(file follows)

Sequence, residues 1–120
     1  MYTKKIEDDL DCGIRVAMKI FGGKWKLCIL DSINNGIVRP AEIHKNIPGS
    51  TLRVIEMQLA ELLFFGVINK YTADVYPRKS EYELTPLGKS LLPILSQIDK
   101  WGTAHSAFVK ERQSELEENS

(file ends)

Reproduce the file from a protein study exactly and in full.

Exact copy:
Sequence, residues 1–120
     1  MYTKKIEDDL DCGIRVAMKI FGGKWKLCIL DSINNGIVRP AEIHKNIPGS
    51  TLRVIEMQLA ELLFFGVINK YTADVYPRKS EYELTPLGKS LLPILSQIDK
   101  WGTAHSAFVK ERQSELEENS